Apple’s ecosystem comprises of two main Operating systems – iOS and Mac, and that has been the case for a long time. It is a very well known fact that both the OS-es are in synchronization with each other in several aspects, which in turn render the user experience great. But Apple is taking it a step further, probably with the integration of both of these, into one single platform; a new plan of Apple reveals that iOS apps will now arrive in Mac as well, as Bloomberg hinted at this a while ago.
The Mac app store is still lacking in terms of the number of apps and the quality of apps, they aren’t up to the mark like iOS devices. Not to mention how MacOS apps are slow and taxing to update. With these new plans, just like Google’s Chromebook that allows you to run Android Apps on Chromebooks or ChromeOS, Apple will solve this problem by enabling developers to make iOS apps work on MacOS. The project has been codenamed as “Marzipan” and we may see this change coming to our devices next year, being announced at WWDC 2018.
During the announcement of the very first iPhone, Steve Jobs detailed how interaction with computers was problematic, and a solution to the same was addressed using a more intuitive manner of interaction – touch screens and mousepads. Apple considers this move as following the same route, as it makes services more accessible through desktops or laptops and with the use of mousepads. Unifying platforms for app usage in such a manner makes it very convenient for users to access what’s on their phone easily.
Despite the wide discovery of these plans, Apple declines to comment on it, however, it very well may be a welcomed step towards user experience, as both the competitors – Google and Microsoft offer the same. Google’s Chrome OS and Windows’ Universal Windows Platform was introduced for the very same reason.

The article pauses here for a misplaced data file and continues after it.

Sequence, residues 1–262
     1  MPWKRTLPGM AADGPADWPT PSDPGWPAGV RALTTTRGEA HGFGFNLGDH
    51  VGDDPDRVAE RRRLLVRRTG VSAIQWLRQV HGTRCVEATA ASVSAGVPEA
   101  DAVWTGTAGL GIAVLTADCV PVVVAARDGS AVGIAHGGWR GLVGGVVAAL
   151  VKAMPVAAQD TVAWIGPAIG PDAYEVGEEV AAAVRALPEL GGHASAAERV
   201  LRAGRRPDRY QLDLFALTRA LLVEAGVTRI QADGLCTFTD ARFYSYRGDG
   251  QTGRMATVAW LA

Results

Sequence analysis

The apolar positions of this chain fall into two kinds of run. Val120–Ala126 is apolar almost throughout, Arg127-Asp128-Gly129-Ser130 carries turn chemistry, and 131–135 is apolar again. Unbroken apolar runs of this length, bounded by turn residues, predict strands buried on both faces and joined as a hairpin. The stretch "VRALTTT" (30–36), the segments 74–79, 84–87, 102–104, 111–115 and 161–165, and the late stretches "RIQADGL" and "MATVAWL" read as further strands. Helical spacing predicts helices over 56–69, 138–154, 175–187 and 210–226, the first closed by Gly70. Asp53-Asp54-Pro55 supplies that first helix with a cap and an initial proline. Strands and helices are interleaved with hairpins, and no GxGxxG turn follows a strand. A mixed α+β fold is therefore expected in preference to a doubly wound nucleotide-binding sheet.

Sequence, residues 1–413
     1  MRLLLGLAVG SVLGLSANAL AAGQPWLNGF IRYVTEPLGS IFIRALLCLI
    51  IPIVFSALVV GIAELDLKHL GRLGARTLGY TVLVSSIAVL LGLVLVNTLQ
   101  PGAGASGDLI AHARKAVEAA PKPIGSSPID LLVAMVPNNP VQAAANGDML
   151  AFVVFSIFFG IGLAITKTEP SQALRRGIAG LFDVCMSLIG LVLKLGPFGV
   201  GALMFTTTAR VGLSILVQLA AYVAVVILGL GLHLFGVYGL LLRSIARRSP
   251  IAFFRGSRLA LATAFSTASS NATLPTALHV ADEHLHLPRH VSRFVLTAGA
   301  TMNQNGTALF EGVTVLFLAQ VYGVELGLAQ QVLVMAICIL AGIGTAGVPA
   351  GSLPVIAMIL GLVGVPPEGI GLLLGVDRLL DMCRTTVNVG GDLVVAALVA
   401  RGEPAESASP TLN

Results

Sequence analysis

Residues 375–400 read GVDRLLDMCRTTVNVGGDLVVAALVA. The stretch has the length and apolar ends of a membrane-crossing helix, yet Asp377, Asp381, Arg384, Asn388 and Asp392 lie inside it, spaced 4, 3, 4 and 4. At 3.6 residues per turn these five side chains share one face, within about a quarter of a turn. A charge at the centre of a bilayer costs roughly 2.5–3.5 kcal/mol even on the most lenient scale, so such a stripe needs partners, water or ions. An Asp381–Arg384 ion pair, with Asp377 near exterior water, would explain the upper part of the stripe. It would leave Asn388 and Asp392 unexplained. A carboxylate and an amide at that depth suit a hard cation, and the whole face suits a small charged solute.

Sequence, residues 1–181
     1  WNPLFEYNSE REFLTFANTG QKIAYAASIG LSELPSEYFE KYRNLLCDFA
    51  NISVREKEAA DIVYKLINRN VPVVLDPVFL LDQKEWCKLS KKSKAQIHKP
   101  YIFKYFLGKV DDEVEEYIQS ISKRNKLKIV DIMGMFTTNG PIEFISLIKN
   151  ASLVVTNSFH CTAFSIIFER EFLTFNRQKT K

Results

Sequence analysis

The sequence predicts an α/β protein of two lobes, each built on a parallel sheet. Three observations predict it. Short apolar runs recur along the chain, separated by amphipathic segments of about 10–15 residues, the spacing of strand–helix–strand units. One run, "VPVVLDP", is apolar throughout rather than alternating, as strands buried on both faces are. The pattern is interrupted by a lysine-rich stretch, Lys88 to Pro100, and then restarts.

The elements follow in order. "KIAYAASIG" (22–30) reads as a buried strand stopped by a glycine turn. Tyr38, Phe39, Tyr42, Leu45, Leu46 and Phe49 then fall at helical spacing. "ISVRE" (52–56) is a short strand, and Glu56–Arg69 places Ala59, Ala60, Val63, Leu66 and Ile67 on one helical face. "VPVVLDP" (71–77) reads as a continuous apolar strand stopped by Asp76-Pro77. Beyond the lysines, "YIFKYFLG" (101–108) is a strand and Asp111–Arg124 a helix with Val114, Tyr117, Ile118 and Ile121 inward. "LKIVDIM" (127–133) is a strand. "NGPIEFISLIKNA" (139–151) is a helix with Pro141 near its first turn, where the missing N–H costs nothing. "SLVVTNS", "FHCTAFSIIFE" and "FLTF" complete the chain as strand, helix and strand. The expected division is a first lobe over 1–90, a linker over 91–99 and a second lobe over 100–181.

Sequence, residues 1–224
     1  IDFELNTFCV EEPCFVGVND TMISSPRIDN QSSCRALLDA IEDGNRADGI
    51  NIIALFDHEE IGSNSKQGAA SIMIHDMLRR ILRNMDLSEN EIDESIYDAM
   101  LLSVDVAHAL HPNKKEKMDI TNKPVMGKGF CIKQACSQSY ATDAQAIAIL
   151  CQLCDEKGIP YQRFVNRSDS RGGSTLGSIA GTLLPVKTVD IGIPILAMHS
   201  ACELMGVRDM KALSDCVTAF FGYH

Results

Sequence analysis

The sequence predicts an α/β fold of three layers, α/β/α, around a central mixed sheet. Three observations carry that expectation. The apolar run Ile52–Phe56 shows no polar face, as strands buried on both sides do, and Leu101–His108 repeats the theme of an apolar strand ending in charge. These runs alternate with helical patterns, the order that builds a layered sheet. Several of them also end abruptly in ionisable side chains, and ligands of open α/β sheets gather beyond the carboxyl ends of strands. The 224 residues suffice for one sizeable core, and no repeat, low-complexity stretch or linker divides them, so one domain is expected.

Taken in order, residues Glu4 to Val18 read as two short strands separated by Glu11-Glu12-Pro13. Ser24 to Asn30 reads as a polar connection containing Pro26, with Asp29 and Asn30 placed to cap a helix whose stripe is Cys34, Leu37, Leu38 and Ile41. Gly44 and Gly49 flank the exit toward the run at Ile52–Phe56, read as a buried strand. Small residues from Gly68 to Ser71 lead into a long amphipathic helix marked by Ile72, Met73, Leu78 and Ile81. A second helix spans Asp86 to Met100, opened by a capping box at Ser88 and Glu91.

The Why Behind Apple’s System Unification
You probably won’t notice every other guy carriying a Macbook, however, it’s almost certain that there are more iPhone or iPad users out there, enabling them to remain connected to the internet. Therefore, it seems Apple wants iOS users to adapt to MacOS devices. However, above that, the motive here is to amalgamate the design and UI, which makes it more convenient for readers to go through. But the benefits aren’t only limited to users, Apple and other 3rd party developers benefit as well, since a single app design from a single SDK allows them to make it work on both platforms. And with the new Touchbar being out, it opens a new manner of integration for users.
Can it all go in vain?
Blurred are the lines always when it comes to talking about the future of any new feature introduced. For a prominent instance of failure, in Windows’ approach, the apps run really well on tablets, however, struggle on a desktop. On the other hand, ChromeOS or Chromebooks flawlessly handle Android Apps without facing a single issue. It’s only about what road Apple takes, and if they choose to unify the systems afterall.
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